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and air. you had helicopters and people on the scene and it made for good tv. >> wait a minute. paul, wait a minute. 4,000 people -- >> but the implications were not great. >> not every story has larger implications. 4,000 people powerless, adrift at sea with little food or water. >> i didn't have a problem with cnn going wall to wall with it as long as they went back to the world. i did wince when somebody on there said i feel like i'm in a third world country and i thought, you're getting off the boat. however inconvenienced you are. they even told tv reporters to their credit. look, this is not a natural disaster. it was riveting and reminded you of the "titanic." >> not quite the "titanic." everybody covered it, but not quite to this extent. i want to touch on one more thing before we go to break. fox news and former senator scott brown this week hiring herman cain. serious question. the last time we heard from herman cain he was dropping out of the presidential race in the
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face of sexual harassment and ginger white, but a lot of smoke, let's say and now fox is giving him this platform. does that cause you any hesitation? >> well, at some level, yes. except that politicians come back to live another day after these sexual scandals. i think he's in a long line of republican presidential candidates who cool their heels between running for president on fox news. >> what about the women who were involved in these relationships? harder for them to be rehabilitated? >> i felt the same way about eliot spitzer, though. this is not unique to fox. >> i would call it the former politicians full employment act, which is going to work for a cable channel or some place else. but in the case of herman cain and being serious about it it for a minute. what you look for when you bring somebody on board for a cuminitary. someone who has something interesting to say and different perspective on life and can bring something to the conversation. whether that's reality based or
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information based or real, we'll see. i kind of like herman cain. i kind of like the fact that he brings something unpredictable and real world to the conversation. >> i agree with that. i'm just mentioning the cloudy circumstances. let me get a break. when we come back my fox news showdown with bill o'reilly. with a machine. what? customers didn't like it. so why do banks do it? hello? hello?! if your bank doesn't let you talk to a real person 24/7, you need an ally. hello? ally bank. your money needs an ally. all right that's a fifth-floor probleok.. not in my house! ha ha ha! ha ha ha!
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fox's biggest star and your correspondent began on this program last sunday when i replayed a clip of what bill o'reilly said after backing president obama's drone warfare program. >> remember the outcry about waterboarding? everybody jumping up and down. nbc news i thought they were going to belt down over there. have you heard anything about the drones? >> i challenged o'reilly saying he should have mentioned the nbc scoop because it was driving a renewed debate over drones. o'reilly, you will not be surprised to learn struck back on his program the very next day. >> are you kidding me, howard? the media coverage on waterboarding you don't know that? >> next came an invitation to debate the issue on o'reilly's home turf. we went toe-to-toe on the factor. >> you just lost points by confusing hard news reporting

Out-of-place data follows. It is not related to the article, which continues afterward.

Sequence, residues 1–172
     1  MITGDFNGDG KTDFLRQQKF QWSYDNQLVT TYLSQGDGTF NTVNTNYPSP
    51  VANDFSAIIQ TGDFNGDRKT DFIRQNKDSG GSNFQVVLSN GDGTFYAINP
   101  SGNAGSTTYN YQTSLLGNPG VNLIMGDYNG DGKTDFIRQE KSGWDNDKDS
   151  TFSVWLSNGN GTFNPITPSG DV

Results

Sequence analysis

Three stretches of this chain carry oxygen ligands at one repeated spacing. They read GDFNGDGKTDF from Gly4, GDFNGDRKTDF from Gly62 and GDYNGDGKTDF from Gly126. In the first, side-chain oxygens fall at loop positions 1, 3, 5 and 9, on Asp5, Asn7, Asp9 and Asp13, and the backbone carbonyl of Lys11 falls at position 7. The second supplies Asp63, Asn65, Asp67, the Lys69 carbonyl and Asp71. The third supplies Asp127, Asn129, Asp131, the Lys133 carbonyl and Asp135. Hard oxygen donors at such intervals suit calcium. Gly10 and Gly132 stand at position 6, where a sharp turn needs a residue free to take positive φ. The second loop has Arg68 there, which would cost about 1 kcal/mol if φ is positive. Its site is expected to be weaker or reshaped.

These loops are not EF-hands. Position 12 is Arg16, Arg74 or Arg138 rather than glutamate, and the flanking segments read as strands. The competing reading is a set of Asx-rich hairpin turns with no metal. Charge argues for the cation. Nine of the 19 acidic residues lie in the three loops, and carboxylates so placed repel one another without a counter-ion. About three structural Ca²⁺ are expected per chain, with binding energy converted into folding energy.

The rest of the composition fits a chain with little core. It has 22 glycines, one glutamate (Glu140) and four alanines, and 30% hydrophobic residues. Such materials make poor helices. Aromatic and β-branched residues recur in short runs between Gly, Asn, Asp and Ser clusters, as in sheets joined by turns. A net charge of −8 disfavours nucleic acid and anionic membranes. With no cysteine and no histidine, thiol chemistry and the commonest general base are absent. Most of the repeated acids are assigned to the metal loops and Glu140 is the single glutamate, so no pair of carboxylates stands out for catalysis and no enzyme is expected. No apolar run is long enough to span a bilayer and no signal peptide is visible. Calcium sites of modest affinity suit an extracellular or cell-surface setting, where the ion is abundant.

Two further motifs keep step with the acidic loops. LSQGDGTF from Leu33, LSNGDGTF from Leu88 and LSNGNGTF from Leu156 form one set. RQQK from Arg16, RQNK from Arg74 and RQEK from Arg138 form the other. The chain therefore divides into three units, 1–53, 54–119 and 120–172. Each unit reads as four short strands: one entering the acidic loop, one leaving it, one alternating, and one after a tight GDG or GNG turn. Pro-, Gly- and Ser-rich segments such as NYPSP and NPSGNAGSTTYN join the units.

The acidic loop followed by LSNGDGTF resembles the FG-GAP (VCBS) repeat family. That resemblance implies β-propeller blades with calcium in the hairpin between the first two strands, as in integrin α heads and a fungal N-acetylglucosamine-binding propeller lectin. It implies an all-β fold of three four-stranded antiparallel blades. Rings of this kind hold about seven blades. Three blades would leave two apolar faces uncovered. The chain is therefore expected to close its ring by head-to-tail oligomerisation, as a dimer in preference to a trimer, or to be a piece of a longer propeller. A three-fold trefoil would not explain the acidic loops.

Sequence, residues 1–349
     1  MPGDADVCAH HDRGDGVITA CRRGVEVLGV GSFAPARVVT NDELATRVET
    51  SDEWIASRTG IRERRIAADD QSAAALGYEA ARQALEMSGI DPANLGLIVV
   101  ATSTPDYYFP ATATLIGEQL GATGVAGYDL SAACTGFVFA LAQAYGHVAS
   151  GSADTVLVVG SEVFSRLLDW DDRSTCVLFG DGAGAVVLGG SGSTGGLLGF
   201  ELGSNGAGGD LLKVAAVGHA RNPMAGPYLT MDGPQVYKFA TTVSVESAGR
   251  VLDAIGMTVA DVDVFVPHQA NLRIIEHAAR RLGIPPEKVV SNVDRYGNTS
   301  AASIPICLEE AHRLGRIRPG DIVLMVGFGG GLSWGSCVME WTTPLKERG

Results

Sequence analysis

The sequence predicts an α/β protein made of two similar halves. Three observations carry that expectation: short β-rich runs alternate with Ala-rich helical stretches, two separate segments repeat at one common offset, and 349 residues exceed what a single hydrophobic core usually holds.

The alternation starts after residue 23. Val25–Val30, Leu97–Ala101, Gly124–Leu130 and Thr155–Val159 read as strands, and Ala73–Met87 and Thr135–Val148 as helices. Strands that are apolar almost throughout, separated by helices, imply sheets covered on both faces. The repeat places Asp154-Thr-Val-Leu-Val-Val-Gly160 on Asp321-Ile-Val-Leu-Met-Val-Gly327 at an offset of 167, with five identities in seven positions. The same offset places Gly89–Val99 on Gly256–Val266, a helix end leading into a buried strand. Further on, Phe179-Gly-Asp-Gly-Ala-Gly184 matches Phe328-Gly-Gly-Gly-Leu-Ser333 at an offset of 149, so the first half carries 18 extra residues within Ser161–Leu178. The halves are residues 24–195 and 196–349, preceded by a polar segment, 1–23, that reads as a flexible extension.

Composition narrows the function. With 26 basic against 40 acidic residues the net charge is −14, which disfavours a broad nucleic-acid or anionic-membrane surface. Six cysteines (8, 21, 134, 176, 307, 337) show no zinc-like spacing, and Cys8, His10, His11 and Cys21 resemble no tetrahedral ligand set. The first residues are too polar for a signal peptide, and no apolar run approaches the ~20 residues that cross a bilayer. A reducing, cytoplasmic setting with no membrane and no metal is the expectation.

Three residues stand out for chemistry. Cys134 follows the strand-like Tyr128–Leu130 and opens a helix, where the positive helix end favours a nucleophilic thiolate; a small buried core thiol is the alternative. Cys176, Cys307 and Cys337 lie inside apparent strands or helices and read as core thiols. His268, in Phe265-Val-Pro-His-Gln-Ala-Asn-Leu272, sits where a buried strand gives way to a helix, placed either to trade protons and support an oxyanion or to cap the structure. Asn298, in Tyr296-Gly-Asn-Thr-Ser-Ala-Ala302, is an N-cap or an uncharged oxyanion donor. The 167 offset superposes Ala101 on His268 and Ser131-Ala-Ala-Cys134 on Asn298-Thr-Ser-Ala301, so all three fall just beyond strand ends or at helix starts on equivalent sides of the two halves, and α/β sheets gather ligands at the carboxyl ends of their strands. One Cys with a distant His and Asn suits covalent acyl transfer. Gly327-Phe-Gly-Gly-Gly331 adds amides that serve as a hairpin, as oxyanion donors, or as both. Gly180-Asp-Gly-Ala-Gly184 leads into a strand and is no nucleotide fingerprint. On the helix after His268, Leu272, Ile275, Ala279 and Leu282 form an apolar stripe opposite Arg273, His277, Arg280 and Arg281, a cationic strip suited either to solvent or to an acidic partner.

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about drones with the "new york times" editorial page. which hasn't condemned, as far as i know in any great measure as they did with waterboarding the use of it. what we were clearly talking about here. 48 hours after the nbc memo appeared was why the left doesn't condemn killing terrorists with drones, unilateral killing decisionmaking with one man with waterboarding that kills anybody. you and i know it's hypocritical, yet you don't engage in that. you come after me. it's ridiculous. >> i was just a very mild, carefully chosen critique of your performance. but here's the larger point, bill. in terms of the, what you see as the relative lack of outcry. there was a passionate debate in this country about whether waterboarding is torture led in part by john mccain. that was easy for them to cover
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because it was so out there. romney didn't talk about it and i didn't hear it in the debates and the press, including the commentators have been too passive in my view, just like they were in the run up to the iraq war. it should be an issue. it should be debated. >> jane hall used to tangle with o'reilly. >> regularly. >> was this an enlightening debate? >> i think it was good. i think you did well and i think he shifted the terms of the debate, which he likes to do. first of all, he does not like nbc. going back to keith ooberman. he shifted it back to what he wanted to talk about and i thought you had a very substantive debate, which was a good thing. >> he wanted to talk about himself and how he felt i had wronged him and i was trying to get to higher ground. did o'reilly convince you that i was mistaken in saying i had made a glaring omission? >> he lost me in that because there was so much criminology to